Readers want to know that you have considered your position carefully.
Like an interlocking framework, all the sentences work together; even a small shift in one sentence could affect all the others.
For example, let us stay with the paragraph on global warming.
Titles that begin with "How" or "Why" promise that you will explain something worth understanding.
Similarly, presenting a question in the title is basically a promise that you will provide some sort of answer in the essay. A common practice in writing titles is to give two versions of the title separated by a colon.
The First Sentence The first sentence of an essay must be award-winning. Just as in the title, the content of the first sentence should prepare the reader to learn your perspective on your topic. Remember that early drafts of your first sentence should be just enough to get you started as you write and revise.
It can be short, medium, or long, but it must orient the reader in terms of tone, content, and language. This means, again, choosing a level of specificity that is not too broad. You can spend time focusing on the first sentence after you have a solid command of your argument and a perfect feel for the tone of your essay which may not be until you have written several drafts.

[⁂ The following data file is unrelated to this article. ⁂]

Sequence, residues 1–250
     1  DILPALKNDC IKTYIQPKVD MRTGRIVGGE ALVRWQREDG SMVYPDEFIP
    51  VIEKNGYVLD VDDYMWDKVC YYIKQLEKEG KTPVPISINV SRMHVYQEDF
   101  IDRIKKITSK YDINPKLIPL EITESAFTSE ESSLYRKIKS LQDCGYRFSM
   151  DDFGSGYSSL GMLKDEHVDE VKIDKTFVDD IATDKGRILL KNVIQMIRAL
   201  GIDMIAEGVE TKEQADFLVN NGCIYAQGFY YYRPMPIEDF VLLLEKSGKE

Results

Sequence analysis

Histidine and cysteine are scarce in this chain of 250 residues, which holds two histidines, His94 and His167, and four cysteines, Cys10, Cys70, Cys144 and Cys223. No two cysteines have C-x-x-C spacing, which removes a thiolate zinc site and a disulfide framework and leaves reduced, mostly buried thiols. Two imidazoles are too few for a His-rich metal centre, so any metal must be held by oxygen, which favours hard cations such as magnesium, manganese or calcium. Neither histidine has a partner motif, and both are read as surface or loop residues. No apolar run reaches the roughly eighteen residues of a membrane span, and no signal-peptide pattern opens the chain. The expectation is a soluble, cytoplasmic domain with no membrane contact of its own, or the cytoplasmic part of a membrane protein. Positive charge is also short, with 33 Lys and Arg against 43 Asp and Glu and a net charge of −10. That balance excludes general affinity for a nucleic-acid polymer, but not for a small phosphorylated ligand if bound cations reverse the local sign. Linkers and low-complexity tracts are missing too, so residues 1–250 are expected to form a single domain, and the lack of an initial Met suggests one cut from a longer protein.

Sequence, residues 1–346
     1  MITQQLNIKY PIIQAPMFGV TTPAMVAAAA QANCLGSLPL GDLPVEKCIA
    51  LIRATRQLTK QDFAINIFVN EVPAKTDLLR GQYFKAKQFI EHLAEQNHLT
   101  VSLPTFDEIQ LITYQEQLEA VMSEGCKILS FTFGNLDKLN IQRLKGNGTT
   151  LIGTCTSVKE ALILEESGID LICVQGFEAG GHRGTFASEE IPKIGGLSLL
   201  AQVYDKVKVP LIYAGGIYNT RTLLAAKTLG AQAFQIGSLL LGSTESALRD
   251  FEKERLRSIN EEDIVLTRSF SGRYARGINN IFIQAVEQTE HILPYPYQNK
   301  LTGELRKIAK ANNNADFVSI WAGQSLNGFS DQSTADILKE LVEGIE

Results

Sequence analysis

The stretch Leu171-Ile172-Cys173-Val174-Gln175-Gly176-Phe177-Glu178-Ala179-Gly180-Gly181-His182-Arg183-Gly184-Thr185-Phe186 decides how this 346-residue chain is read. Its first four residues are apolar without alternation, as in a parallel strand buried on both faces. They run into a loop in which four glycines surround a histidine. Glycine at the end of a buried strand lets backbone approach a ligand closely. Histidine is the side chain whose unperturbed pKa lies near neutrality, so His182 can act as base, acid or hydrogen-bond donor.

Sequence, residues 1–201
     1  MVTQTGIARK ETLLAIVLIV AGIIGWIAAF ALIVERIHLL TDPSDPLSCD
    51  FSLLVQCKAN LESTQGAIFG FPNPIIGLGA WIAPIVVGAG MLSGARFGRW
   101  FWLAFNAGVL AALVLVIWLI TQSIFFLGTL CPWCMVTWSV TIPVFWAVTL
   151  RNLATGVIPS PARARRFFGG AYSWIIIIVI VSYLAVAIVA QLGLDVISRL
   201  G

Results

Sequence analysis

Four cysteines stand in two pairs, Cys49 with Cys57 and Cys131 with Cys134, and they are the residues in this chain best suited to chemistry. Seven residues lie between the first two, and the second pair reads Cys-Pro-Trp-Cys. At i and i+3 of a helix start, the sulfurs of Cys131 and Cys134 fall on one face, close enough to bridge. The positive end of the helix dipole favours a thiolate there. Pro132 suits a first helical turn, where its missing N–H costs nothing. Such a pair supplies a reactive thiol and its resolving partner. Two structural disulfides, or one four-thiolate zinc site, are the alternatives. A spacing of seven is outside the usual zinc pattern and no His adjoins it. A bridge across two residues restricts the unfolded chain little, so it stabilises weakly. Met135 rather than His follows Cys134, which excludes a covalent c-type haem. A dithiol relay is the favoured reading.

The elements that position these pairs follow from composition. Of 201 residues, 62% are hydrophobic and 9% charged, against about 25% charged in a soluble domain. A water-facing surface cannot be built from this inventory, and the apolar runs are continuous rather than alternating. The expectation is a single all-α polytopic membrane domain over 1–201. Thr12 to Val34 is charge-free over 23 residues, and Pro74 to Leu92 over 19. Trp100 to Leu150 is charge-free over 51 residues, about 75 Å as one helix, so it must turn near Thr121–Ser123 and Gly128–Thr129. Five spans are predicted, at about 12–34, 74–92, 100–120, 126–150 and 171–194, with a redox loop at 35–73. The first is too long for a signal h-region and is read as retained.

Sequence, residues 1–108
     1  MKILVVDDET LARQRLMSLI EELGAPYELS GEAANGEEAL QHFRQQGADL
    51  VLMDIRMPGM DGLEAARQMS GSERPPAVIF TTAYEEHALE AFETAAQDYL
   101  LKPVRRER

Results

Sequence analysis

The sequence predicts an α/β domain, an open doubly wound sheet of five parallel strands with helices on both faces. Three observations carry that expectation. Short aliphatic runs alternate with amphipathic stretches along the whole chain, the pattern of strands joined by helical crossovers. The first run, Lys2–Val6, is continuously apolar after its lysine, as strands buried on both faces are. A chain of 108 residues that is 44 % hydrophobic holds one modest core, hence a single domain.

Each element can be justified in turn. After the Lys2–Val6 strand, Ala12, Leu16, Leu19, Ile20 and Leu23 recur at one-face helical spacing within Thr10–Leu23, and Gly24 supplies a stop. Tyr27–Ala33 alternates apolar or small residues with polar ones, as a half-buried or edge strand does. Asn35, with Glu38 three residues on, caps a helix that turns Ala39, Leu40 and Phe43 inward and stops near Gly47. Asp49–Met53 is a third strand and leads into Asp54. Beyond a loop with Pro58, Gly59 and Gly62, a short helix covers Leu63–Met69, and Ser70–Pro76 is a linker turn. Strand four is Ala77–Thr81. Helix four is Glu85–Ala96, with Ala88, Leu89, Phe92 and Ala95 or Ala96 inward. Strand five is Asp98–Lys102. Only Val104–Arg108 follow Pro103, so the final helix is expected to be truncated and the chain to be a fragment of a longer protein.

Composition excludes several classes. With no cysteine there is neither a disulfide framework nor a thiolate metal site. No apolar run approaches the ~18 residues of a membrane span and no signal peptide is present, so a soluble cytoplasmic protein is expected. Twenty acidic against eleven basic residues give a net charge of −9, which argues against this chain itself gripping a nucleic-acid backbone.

Meeting the Deadline Usually there is no real difference between submitting your essay weeks in advance and sending it by express mail on the last day.
An office assistant will put your essay in the pile for your readers, all the same.
Use it to start preparing your readers for the "trip" that you have designed for their benefit. Do not get bogged down before the rest of the essay is in place.
The First Paragraph In a great opening paragraph, every sentence does significant work.